Spin - "Pop songcraft is an influence but not an imperative for the Miami quartet, they're just as content to stretch on a lurching, sun-baked groove for seven minutes as they are to power through two verses, two choruses, and a bridge in under 3:30."
Alternative Press - 5 stars out of 5 -- "[I]t's a tight little package of anthemic hook and heft that moves with even more purpose than 2012's HARMONICRAFT."
Pitchfork (Website) - "Torche achieve magnetism as a band that lumbers and roars in unison, instead of manic, flashy guitars or songs that seem in a hurry to reach an end."
Personnel: Andrew Elstner, Steve Brooks (vocals, guitar); Jonathan Nunez (guitar, violin, synthesizer); Rick Smith (drums, percussion).
Audio Mixer: Kurt Ballou.
Recording information: Dan Hosker Studio, Miami Beach, FL; Pinecrust Studio, Miami, FL.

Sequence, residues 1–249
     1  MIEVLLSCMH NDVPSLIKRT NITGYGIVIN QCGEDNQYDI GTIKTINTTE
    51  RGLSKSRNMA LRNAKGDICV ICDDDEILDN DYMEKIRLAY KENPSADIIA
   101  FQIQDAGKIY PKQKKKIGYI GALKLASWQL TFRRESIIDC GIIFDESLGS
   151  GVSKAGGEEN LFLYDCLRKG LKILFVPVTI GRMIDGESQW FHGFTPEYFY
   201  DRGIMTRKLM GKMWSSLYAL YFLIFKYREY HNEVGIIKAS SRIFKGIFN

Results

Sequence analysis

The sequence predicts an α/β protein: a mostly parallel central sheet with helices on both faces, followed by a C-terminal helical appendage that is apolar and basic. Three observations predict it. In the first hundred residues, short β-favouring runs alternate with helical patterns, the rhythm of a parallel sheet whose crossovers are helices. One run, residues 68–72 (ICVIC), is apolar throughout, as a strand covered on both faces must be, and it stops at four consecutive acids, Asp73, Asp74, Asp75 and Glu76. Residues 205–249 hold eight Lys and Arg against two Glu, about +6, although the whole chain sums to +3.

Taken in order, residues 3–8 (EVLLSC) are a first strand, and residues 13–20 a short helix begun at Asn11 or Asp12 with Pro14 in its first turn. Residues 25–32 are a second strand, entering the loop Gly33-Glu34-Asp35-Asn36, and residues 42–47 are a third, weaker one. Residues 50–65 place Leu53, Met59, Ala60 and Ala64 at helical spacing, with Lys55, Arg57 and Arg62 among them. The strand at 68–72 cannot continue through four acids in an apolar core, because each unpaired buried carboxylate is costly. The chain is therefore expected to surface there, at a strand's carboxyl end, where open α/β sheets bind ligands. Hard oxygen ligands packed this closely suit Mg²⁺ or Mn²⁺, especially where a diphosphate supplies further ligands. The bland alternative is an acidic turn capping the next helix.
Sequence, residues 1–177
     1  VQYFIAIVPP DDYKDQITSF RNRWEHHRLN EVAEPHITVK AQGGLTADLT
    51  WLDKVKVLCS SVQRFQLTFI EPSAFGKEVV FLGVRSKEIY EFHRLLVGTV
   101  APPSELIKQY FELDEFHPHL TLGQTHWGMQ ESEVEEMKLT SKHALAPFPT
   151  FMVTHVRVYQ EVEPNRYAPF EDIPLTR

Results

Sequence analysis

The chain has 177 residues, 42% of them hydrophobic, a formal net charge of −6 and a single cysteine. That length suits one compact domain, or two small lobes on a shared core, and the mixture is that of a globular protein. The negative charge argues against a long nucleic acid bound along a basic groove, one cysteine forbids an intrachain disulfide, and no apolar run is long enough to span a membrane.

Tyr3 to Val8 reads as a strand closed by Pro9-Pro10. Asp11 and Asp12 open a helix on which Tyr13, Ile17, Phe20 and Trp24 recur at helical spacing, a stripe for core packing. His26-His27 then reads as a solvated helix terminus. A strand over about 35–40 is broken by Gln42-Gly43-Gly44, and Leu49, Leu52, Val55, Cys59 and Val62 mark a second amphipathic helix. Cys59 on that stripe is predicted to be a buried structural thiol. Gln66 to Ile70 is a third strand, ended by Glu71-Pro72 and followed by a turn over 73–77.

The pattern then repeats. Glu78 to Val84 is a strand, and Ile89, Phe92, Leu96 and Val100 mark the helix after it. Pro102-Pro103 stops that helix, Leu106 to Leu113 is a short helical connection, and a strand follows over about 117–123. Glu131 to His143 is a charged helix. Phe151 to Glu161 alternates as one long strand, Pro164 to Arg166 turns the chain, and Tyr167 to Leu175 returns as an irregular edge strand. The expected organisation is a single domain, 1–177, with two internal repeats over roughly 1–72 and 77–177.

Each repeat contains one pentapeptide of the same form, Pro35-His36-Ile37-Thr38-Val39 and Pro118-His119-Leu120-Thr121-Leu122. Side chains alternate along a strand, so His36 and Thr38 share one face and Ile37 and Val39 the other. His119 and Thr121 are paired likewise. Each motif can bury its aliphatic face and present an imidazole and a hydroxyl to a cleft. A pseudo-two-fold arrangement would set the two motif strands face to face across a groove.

On 2012's Harmonicraft, Torche found the sweet spot between sludge-fisted, planet-crushing riffage and radiant pop bliss, resulting in something akin to a food fight between Sugar and the Melvins. Restarter, the Miami-based metal unit's fourth studio long-player, is far less confectionary, but it's hardly a savory affair. A veritable highlight reel of their past three offerings, the ten-track set is a convivial, drop-tuned juggernaut of major chord malevolence that distills sludge, doom, pop, punk, and stoner metal into a fist bump that breaks fingers. Torche have been on a trajectory to break the sound barrier since issuing their 2005 debut, and it takes virtually no time to deliver on that promise. Opening salvo "Annihilation Affair" is a largely one-note, perpetual sonic boom that houses a screaming, feedback-drenched center (like much of Restarter, you'll feel it in your bones before your brain begins processing any sort of emotional reaction), and its largely midtempo cadence goes a long way into easing (so to speak) the listener into the near frantic fireworks display to come -- all of the album's under-three-minute offerings ("Bishop in Arms," "Loose Men," "Undone," and "Blasted") are straight-up barn burners. When the band isn't spinning molar-melting cotton candy they're doubling down on the hypnotic drone-sludge that helped propel Meanderthal to the top of so many 2008 year-end lists, opening up the blast furnace with the near perfect "Minions," finding their inner Black Sabbath on the bold and ballsy "Believe It," and riding into the sunset and then melting away on the anthemic title cut, an epic, near-wordless, eight-and-a-half-minute midnight highway drive of a closer that, like everything on the outstanding Restarter, repeatedly beats you senseless, but leaves no bruises. ~ James Christopher Monger